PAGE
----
What time is it? Blueprints time! We've built three rigs at three approximate price points: Baseline, Performance, and, because you asked for it, Budget. Baseline gets you a powerful, no-compromises rig, suitable for gaming and content creation at 1080p. Performance gets you more, and Budget is for those who want to be frugal.
These rigs are lab-tested and editor-approved, and we'll update them every month. Feedback is, of course, welcome. Tell us what you think!
How big is the Internet, to you? No, we don’t want to hear about all the billions of pages indexed by Google. We’re talking about your Internet—the set of sites that you’re aware of, that you might actually visit. If you’re like most people, it’s actually pretty small. Even if you spend a lot of time online, you’re still missing out on tons of great content.
That’s why we compile our annual list of websites. Not because we think that we’ve found the 72 best websites in the world, but because we know that the Internet is too huge for one person to explore by him- or herself, and that it is always growing. We do it because we know that everyone could use a yearly dose of fun, useful, and interesting new sites to add to their browsing repertoire. On the following pages we present 72 of our favorite new or unknown destinations on the Internet. Just don’t blame us if you find you’re spending more time than ever in front of your screen!
In the July issue, I tested HP’s Mini-Note—the small, cheap notebook is HP’s answer to the subcompact, sub-$500 Asus Eee PC. HP’s tiny notebook got me thinking about the point of diminishing PC returns—the point at which adding more hardware oomph doesn’t deliver a perceptible performance boost to the user.
I didn’t have any major complaints with its performance in my most common activities: web browsing, checking email, writing documents, and listening to music. Is this Mini-Note’s 1.2GHz VIA C7-M CPU fast enough for me?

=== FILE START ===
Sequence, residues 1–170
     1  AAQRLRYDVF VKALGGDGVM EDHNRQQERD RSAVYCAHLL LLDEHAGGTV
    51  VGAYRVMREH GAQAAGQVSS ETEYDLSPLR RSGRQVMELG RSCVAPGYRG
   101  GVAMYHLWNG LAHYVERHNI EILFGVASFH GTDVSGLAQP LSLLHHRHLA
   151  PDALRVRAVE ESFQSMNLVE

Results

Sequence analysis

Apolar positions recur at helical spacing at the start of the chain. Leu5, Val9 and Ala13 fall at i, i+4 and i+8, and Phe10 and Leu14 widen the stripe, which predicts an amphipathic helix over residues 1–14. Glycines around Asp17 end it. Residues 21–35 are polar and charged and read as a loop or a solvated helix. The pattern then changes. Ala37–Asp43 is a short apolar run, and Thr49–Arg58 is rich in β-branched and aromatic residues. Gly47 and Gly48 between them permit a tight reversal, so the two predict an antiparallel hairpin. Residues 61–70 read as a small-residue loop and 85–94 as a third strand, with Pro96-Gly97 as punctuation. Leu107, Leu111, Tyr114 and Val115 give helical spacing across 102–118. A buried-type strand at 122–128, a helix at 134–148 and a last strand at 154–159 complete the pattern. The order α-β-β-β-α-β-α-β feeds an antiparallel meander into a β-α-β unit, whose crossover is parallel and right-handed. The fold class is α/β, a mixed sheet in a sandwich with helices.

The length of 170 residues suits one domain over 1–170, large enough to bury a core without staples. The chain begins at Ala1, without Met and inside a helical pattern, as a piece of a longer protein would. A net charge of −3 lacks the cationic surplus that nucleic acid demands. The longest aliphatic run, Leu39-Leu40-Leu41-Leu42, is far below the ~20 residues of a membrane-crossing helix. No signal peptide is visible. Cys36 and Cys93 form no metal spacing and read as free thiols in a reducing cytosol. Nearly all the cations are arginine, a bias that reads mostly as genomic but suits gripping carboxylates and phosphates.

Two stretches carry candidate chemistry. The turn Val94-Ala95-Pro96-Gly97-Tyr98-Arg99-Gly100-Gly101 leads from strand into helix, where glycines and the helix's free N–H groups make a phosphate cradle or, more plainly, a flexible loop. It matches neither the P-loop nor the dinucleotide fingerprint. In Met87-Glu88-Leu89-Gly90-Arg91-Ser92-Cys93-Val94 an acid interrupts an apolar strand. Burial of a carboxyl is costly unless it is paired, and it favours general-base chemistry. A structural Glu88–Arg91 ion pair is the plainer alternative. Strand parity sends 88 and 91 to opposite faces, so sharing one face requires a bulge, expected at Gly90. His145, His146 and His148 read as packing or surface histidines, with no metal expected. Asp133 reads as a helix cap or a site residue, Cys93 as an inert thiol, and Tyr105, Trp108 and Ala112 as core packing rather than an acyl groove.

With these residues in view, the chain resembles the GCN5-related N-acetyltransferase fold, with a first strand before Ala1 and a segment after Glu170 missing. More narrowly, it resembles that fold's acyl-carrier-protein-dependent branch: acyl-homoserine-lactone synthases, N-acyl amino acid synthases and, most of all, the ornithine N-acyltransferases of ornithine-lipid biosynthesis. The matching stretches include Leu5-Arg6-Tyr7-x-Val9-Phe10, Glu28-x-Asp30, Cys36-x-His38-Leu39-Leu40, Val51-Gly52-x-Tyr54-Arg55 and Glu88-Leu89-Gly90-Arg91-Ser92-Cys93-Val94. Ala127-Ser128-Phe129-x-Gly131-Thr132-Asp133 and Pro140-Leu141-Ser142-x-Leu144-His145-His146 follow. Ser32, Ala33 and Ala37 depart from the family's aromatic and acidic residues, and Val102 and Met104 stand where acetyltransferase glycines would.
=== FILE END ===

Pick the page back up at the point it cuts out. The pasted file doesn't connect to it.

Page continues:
As much as we would love for our computers to work perfectly, the fact is that PCs and gadgets are complex devices that often fall short of exactly what we want. When confronted with this fact, we’re reminded of the old saw that says if you want something done right, it’s best to do it yourself. And who are we to doubt that kind of wisdom? As power users, we’re not content with hardware the way it comes out of the box; we have an insatiable need to hack our electronics in ways that will improve performance, functionality, and ease of use. And there’s no doubt about it, modifying your hardware will increase your productivity and make your life that much simpler.
Your IT department won’t let you copy MP3s onto your work PC, and your iPod won’t hold your massive music collection, but you need to listen to tunes while you toil away at the day’s labor. What’s an audiophile to do? The answer is simple: Stream the collection you have stored on your rig at home to your PC at work.
It’s easy to be seduced by Alienware’s m15x notebook. From its handsome silver-gray case to its cool-yet-tasteful LED accents to its comfortable lap weight of less than eight pounds, this 15.4-inch machine had us at hello. Of course, only excellent performance would keep us interested.
Yes, it’s that time of year again when we pay tribute to software. For without it, our badass rigs would have nothing to do to but look pretty. Indeed, it’s the programs we run that show us what our machines are truly capable of. The challenge, of course, is in deciding which applications and utilities are most deserving of special honor, not to mention a coveted silver-esque statue.
In the November 2007 issue, we took an in-depth look at RAID—short for Redundant Array of Inexpensive (or Independent) Disks—and broke down the pros, cons, and most importantly, speeds of the various RAID permutations you would find on a typical multidrive setup. Here we’ll examine the medium itself: the RAID controller, which tells the drives in a RAID setup how to interact. As you’ll see, there are RAID controllers of differing types, technologies, and price points, and we want to learn whether these variations translate into performance differences. After all, even the fastest RAID configuration ultimately depends on the performance capabilities of its physical host.